• About half of youth with disabilities report they feel very cared about by friends, and three-fourths say they can find a friend when they need one and can make friends easily.

• Despite these overall positive findings, a small minority of youth with disabilities report quite negative views of their personal relationships.


Most youth expect they will graduate from high school with a regular diploma. They are less confident they will attend a postsecondary school. The majority of youth with disabilities expect they will get a paid job, but they are less certain that these jobs will pay enough for them to be financially self-sufficient.

• Girls are more likely than boys to report being very sensitive to others’ feelings, whereas boys are more likely to report being good athletes and having strong mechanical abilities.

• Adolescent girls with disabilities are more likely than boys to say they frequently turn to friends and to siblings for support.

• Regarding their relationships in general, youth with disabilities are more likely than others without disabilities to report pervasive feelings of loneliness and of being disliked by others. Nonetheless, compared with youth in the general population, those with disabilities are more likely to say they receive ‘a lot’ of attention from their families and to report enjoying life and feeling hopeful about the future most or all of the time.”3 (emphasis added)


It is how we view our worth as a person. “Healthy or positive self-esteem does not mean that someone has an inflated or selfrighteous view of him or herself. One added challenge for a person with a disability may be viewing him or herself as a person first. A disability is only one fact of a person… Another issue for people with disabilities may be dealing with discrimination and stereotypes from society. Our society places emphasis on looks, speed, and being the same as everyone else.” 4 “Parents may provide a crucial role in shaping a child’s concept of him or herself. Parents can convey attitudes that the child is independent and successful or inadequate, incapable, and inferior. Thus, lack of confidence does not necessarily equal lack of ability. It may just be a false set of belief that a person holds about him or herself. Friends and society can also powerfully influence a person’s concept of him or herself. (Remember), you have become an expert at playing on a field that is not level as a result of dealing with your disability and peoples’ attitudes toward your disability” 4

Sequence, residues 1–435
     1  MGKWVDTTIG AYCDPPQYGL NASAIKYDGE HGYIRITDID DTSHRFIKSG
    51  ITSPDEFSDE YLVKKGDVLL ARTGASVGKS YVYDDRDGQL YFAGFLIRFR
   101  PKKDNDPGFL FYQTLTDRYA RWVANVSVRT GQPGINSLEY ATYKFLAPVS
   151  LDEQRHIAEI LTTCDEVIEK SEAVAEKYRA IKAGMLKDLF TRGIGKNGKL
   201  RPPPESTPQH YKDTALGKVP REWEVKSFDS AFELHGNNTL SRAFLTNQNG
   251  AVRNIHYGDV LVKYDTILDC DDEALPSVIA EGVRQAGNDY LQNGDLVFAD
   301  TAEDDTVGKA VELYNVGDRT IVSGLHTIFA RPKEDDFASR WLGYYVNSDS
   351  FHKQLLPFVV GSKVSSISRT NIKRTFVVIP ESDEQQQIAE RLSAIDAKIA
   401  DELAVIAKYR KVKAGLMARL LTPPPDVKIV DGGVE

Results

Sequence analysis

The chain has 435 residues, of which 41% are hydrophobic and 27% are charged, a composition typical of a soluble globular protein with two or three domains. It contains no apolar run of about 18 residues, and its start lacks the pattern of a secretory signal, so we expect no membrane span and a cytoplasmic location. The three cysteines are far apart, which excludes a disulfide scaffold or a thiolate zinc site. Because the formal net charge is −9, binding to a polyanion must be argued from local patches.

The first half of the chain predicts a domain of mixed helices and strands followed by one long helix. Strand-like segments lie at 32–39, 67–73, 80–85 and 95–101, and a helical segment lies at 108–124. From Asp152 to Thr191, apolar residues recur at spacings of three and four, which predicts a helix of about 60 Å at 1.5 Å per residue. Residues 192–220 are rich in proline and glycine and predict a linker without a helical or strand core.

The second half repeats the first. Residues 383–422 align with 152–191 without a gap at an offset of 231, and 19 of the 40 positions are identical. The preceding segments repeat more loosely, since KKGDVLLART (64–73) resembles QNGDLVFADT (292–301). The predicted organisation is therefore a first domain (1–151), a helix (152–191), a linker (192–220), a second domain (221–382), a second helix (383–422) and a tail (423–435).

• “I believe in accepting my disability as for what it is and make the best of it.”

• “… I realized that it is not what my disability allows me to do, it is what I don’t allow my disability to do.”

• “Disability is not my life but part of my life.” 4 •

SPECIAL TALENTS: More than half of youth with disabilities report they are at least “pretty good” in the areas of performing arts, creative arts, mechanical tasks, computer use, and physical or athletic performance.


H. Barry Waldman, DDS, MPH, PhD - Distinguished Teaching Professor, Department of General Dentistry at Stony Brook University, NY; E-mail: h.waldman@stonybrook.edu Steven P. Perlman, DDS, MScD, DHL (Hon) is Global Clinical Director, Special Olympics, Special Smiles and Clinical Professor of Pediatric Dentistry, The Boston University Goldman School of Dental Medicine, Private pediatric dentistry practice – Lynn MA. Matthew Cooke, DDS, MD, MPH is Associate Professor, Departments of Anesthesiology & Pediatric Dentistry University of Pittsburgh School of Dental Medicine Pittsburgh PA; Assistant Clinical Professor, Departments of Oral & Maxillofacial Surgery and Pediatric Dentistry Virginia Commonwealth University School of Dentistry, Richmond, VA.


1. Burtner P. Society’s Attitude toward people with disabilities. Available from: paul-burtner.den- tal.ufl.edu/oral-health-care-for-persons-with-disabilities/societys-attitude-toward-people-with-disabilities Accessed May 3, 2016.

2. Scope about disability. Current attitudes towards disabled people. Available from: scope.org.uk/Scope/media/Images/Publication%20Directory/Current-attitudes-towards-dis- abled-people.pdf Accessed May 3, 2016.

3. Wagner M, Newman L, Cameto R, et al. National Center for Special Education Research. Perceptions and expectations of youth with disabilities: A special topic report of findings from the National Longitudinal Transition Study-2 (NLTS2). Available from: ies.ed.gov/ncser/pdf/20073006.pdf Accessed May 3, 2016.

4. Voigt RJ. Who me? Self-esteem for people with disabilities. Available from: brainline.org/content/2009/05/who-me-self-esteem-for-people-with-disabilities.html Accessed May 4, 2016.